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PLEASE NOTE: Michael D's is currently in READ ONLY MODE. Anything submitted will simply not be written to the database.
Lots of stuff is still broken, but at least reviews can now be looked up and read.
Elektra (2005)

Elektra (2005)

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Released 23-May-2005

Cover Art

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Details At A Glance

General Extras
Category Action Trailer-Hide And Seek, Flight Of The Phoenix
Main Menu Audio & Animation
Deleted Scenes-With Optional Commentary By Rob Bowman (Director)
Featurette-Making Of
Featurette-Elektra: Incarnations
Trailer-Daredevil Director's Cut Sneak Peek
Web Links
Rating Rated M
Year Of Production 2005
Running Time 92:52 (Case: 96)
RSDL / Flipper RSDL (63:23) Cast & Crew
Start Up Ads Then Menu
Region Coding 4 Directed By Rob Bowman

Twentieth Century Fox
Starring Jennifer Garner
Goran Visnjic
Kirsten Prout
Will Yun Lee
Cary-Hiroyuki Tagawa
Terence Stamp
Natassia Malthe
Bob Sapp
Chris Ackerman
Edson T. Ribeiro
Colin Cunningham
Hiro Kanagawa
Mark Houghton
Case ?
RPI $39.95 Music Christophe Beck
Amy Lee

Video Audio
Pan & Scan/Full Frame None English Dolby Digital 5.1 (448Kb/s)
English dts 5.1 (768Kb/s)
Widescreen Aspect Ratio 2.35:1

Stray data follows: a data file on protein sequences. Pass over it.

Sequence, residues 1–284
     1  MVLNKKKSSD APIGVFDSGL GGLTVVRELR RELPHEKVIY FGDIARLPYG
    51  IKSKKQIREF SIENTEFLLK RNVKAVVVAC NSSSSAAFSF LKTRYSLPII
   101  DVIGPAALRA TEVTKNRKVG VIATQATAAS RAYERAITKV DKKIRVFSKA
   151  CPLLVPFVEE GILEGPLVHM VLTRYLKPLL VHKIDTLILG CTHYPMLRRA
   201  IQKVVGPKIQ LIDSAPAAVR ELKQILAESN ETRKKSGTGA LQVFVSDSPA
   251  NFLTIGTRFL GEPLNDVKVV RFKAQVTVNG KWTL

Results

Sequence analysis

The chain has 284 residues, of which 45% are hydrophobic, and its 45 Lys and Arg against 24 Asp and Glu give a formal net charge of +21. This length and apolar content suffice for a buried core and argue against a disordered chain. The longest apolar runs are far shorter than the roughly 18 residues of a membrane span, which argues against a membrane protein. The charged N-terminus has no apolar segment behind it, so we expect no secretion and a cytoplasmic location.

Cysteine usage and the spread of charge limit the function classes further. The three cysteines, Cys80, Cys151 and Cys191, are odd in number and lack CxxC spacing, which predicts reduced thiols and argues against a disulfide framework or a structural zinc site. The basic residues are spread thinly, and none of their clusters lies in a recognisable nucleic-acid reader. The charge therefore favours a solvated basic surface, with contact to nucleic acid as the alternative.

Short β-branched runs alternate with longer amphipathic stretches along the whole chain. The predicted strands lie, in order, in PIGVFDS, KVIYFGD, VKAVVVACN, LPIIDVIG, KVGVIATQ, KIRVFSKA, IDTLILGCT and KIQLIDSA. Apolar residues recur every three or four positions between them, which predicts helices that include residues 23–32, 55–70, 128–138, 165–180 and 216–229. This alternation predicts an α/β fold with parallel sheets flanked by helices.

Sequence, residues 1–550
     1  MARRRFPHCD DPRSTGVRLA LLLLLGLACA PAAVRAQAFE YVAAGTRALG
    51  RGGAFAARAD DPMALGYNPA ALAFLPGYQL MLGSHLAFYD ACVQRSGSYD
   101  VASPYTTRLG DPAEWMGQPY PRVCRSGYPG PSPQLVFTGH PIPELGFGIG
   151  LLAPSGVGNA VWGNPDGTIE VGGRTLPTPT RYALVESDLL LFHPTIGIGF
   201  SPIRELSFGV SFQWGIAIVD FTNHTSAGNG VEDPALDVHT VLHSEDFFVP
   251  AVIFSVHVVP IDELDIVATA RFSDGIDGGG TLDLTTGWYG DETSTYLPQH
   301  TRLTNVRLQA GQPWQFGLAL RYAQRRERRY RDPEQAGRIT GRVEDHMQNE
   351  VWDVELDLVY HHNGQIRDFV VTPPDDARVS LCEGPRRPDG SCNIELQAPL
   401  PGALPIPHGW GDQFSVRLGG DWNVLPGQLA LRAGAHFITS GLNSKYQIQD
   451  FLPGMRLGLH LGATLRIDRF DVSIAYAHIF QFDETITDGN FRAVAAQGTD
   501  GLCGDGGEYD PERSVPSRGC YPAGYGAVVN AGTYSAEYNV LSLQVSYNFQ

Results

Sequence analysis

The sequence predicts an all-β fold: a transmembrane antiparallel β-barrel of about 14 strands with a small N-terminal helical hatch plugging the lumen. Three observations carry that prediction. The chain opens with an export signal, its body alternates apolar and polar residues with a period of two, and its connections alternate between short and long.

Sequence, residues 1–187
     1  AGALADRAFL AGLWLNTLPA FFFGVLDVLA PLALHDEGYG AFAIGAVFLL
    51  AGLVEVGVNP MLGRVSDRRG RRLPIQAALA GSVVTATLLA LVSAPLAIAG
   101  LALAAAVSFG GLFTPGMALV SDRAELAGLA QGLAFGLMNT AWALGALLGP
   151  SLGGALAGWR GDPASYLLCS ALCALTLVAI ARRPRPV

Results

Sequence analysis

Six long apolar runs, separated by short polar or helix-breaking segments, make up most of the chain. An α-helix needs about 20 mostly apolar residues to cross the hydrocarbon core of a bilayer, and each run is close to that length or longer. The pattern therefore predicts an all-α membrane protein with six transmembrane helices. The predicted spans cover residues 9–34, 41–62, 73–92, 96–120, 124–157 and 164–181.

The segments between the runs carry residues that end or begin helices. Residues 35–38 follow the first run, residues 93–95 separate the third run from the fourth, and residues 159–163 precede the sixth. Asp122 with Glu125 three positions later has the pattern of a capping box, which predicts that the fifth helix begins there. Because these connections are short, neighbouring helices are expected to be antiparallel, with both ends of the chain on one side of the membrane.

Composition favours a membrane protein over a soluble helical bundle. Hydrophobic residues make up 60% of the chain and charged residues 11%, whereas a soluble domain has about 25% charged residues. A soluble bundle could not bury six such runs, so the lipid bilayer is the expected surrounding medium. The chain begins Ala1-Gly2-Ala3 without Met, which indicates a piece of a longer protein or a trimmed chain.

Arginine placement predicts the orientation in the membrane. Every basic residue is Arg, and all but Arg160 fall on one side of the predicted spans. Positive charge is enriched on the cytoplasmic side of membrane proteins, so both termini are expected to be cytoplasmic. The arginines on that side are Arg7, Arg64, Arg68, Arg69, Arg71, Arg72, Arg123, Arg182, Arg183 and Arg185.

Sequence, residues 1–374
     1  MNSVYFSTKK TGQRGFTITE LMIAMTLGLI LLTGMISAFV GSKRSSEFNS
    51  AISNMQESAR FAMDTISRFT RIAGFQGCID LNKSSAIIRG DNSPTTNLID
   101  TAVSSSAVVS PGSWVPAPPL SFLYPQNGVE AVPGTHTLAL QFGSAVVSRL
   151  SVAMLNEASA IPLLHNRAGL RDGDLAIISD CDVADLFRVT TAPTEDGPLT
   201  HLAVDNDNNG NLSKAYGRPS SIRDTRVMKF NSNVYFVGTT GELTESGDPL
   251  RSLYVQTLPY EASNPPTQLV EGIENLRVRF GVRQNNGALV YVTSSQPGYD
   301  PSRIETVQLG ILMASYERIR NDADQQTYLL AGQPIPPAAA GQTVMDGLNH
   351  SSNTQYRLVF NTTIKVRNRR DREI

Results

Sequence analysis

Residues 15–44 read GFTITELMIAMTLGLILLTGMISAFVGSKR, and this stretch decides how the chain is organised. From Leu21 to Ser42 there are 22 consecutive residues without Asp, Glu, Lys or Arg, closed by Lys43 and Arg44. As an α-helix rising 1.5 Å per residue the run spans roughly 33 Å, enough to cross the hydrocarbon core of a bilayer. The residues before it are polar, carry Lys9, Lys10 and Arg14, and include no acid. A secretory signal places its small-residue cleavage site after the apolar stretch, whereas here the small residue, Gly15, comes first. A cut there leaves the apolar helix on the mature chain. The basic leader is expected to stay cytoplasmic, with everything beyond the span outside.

16x9 Enhancement
16x9 Enhanced
Video Format 576i (PAL)
Original Aspect Ratio 2.35:1 Miscellaneous
Jacket Pictures No
Subtitles English for the Hearing Impaired Smoking No
Annoying Product Placement Yes
Action In or After Credits No

NOTE: The Profanity Filter is ON. Turn it off here.

Plot Synopsis

    As a spin-off from Daredevil (2003), Elektra is the latest Marvel Comics superhero to roll off the Hollywood assembly-line of action flicks. While there is a lot to like about the movie, Elektra's script is as skimpy as her costume.

    Elektra was created by Marvel Comics' Frank Miller in 1980. In the comics, the sai-wielding temptress becomes Daredevil's lover, dies, and is brought back to life in her own beautifully illustrated, but limited, dark comic book series. In the original comic, terrorists murder her parents, and Elektra turns to a life of salaried crime and murder. Miller's Elektra lives in a dark world of greed and corruption, where there is no clear black or white, but only questionable shades of grey. Sadly, none of that intelligence or subtlety can be found here.